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Case Document

United States v. Givhan Court of Appeals Decision

Document Type
Court Opinions


Jun 29, 2018


File Name: 18a0325n.06

No. 17-5492






BEFORE: CLAY, STRANCH, and LARSEN, Circuit Judges.

CLAY, Circuit Judge. Defendant David Givhan appeals his conviction and sentence for
interstate transportation for prostitution, in violation of 18 U.S.C. § 2421; and sex trafficking of an
adult by force, fraud, or coercion, in violation of 18 U.S.C. §§ 1591(a), 1591(b)(1), and 1594(a).
For the reasons that follow, we AFFIRM Defendant’s conviction and sentence.


In May 2016, a federal grand jury returned an indictment charging Defendant with interstate transportation for prostitution of three women (Counts 1, 3, and 4, respectively) and sex trafficking (Count 2).1 A jury convicted Defendant on these four counts. The evidence presented at Defendant’s trial supports the following timeline of events.



1 The indictment originally included a second sex trafficking charge, but this charge was dismissed after the alleged victim recanted her story.


Defendant lured three women into working for him as prostitutes, promising them that they could get rich by doing so. Once the women began working for him, Defendant demanded their complete obedience and loyalty, and he used intimidation, threats, and violence to ensure that the women complied. Defendant also branded one of the women, tattooing the word “Premier” on her neck. Defendant set the prices for the women’s prostitution services, required them to meet daily quotas, and would sometimes take them across state lines to engage in prostitution, including to Indiana, Kentucky, Texas, and Florida. Despite his promises, Defendant kept all the money that the women earned.

One of the women, whom the parties referred to as Christine at trial, eventually fled from Defendant when he left her alone for a short time. Christine later met up with one of the other women, who had also managed to leave, and the two were later arrested for prostitution in another state. The police noticed the “Premier” tattoo and questioned the two women about Defendant. The police then offered to release the women without charge if they agreed to help the police “get” Defendant. They agreed. The government obtained an indictment based on the women’s testimony, and Defendant was arrested.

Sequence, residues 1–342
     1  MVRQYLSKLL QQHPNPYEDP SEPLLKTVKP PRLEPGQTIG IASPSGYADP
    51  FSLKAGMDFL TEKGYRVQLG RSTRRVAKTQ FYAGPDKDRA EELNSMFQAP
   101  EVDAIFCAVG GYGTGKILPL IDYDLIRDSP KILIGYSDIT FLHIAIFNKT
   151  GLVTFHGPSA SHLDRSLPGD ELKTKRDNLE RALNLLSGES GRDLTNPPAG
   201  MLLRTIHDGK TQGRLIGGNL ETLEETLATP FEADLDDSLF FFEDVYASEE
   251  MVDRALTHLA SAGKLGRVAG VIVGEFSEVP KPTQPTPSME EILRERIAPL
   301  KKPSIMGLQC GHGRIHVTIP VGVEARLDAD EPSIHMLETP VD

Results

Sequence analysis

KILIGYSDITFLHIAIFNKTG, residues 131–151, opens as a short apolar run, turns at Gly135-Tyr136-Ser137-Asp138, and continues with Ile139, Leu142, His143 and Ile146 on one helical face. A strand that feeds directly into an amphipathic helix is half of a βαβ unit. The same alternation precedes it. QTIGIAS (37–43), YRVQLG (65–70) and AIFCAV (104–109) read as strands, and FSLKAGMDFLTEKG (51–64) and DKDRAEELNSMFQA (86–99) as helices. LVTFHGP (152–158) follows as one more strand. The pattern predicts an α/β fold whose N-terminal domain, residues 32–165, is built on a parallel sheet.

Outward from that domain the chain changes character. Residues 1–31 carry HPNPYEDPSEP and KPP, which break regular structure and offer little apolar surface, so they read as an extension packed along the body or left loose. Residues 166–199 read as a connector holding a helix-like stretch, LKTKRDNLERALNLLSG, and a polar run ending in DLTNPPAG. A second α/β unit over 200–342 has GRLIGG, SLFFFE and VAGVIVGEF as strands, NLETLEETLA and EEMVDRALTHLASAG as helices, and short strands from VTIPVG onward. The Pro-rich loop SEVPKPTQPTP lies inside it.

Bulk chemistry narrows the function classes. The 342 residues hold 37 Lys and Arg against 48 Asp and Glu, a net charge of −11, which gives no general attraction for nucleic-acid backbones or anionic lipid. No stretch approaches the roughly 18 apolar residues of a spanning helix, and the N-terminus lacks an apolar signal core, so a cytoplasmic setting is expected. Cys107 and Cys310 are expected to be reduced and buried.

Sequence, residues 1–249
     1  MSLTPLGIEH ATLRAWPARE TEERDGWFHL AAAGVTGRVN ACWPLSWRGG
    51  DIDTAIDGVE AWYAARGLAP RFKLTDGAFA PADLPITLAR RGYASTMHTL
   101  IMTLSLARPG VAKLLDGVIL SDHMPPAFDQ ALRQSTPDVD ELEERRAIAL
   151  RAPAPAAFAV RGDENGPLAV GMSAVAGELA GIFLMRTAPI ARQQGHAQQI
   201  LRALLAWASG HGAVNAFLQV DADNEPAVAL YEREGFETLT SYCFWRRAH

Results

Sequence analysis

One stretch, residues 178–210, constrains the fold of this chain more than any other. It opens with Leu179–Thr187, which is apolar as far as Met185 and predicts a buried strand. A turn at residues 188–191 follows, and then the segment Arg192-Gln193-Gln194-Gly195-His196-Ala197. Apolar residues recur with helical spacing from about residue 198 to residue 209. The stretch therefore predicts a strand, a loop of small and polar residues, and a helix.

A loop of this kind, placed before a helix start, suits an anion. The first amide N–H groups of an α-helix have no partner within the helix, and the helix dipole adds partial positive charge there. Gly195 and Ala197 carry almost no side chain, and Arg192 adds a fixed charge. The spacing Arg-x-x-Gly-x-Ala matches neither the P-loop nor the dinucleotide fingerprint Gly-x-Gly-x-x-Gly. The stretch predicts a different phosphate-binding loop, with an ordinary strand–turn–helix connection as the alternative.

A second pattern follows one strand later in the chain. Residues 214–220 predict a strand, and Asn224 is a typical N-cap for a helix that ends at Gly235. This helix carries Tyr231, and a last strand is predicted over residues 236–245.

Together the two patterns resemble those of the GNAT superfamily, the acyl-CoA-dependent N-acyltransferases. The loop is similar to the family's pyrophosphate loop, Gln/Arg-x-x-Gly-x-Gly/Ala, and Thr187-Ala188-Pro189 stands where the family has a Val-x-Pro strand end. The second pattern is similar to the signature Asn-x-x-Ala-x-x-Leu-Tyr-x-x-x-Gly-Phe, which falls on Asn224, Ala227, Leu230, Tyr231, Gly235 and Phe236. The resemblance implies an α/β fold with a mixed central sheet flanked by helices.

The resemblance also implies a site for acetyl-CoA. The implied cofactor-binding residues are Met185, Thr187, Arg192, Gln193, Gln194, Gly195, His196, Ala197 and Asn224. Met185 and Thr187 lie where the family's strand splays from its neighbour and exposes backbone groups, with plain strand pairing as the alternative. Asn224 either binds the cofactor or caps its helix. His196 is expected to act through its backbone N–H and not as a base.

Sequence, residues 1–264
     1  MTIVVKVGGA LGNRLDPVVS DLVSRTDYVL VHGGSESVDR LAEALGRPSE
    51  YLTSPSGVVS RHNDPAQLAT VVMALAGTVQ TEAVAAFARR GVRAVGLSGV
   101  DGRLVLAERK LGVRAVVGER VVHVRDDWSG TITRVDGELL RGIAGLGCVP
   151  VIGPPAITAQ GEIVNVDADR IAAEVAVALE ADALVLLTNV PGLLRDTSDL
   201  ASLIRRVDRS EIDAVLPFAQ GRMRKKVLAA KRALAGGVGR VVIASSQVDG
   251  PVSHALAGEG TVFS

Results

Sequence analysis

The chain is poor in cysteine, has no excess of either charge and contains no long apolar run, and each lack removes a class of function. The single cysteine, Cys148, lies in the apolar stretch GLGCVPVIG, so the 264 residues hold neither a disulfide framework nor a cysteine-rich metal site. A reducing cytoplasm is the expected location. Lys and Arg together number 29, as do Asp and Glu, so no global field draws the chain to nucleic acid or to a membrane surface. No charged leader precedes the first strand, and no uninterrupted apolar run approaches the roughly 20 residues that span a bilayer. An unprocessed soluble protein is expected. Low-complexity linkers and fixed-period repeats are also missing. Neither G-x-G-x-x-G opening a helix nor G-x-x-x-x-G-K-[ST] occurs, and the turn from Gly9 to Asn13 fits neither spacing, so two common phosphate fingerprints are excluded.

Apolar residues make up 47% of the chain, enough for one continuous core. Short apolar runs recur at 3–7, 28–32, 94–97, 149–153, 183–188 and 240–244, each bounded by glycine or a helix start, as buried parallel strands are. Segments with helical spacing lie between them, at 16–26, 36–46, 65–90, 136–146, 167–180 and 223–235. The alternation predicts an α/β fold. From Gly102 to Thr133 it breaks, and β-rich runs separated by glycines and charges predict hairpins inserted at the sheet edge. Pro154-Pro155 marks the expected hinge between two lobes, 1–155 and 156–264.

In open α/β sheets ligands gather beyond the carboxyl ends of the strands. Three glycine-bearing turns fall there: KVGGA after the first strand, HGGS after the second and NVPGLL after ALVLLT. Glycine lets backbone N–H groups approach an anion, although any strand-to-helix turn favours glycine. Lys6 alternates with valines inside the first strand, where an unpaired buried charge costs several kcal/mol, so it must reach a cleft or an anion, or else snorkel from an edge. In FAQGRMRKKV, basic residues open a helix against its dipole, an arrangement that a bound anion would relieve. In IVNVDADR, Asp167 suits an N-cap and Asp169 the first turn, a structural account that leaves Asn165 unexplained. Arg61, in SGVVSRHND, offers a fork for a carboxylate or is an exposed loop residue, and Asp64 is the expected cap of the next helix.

At trial, Defendant sought to introduce evidence of subsequent acts of prostitution by the two women. Defendant argued that the evidence of the witnesses’ subsequent prostitution was relevant to whether he had employed force, fraud, or coercion—a showing that was necessary to the government’s case. Defendant later argued that this evidence was also relevant to the jury’s consideration of whether the witnesses were biased. The district court denied Defendant’s motion to introduce evidence but noted that Defendant could cross-examine the witnesses about their agreement to cooperate with the government in exchange for their release, so long as Defendant did not elicit testimony about prostitution being the specific crime of arrest.

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Defendant was convicted, and he subsequently moved for a new trial, arguing, among other things, that he should have been permitted to introduce evidence of the witnesses’ subsequent prostitution. The court denied the motion. The court sentenced Defendant to a term of 235 months’ imprisonment followed by a lifetime of supervised release on the sex trafficking charge (Count 2) and a concurrent term of 120 months’ imprisonment on the interstate transportation for prostitution charges (Counts 1, 3, and 4).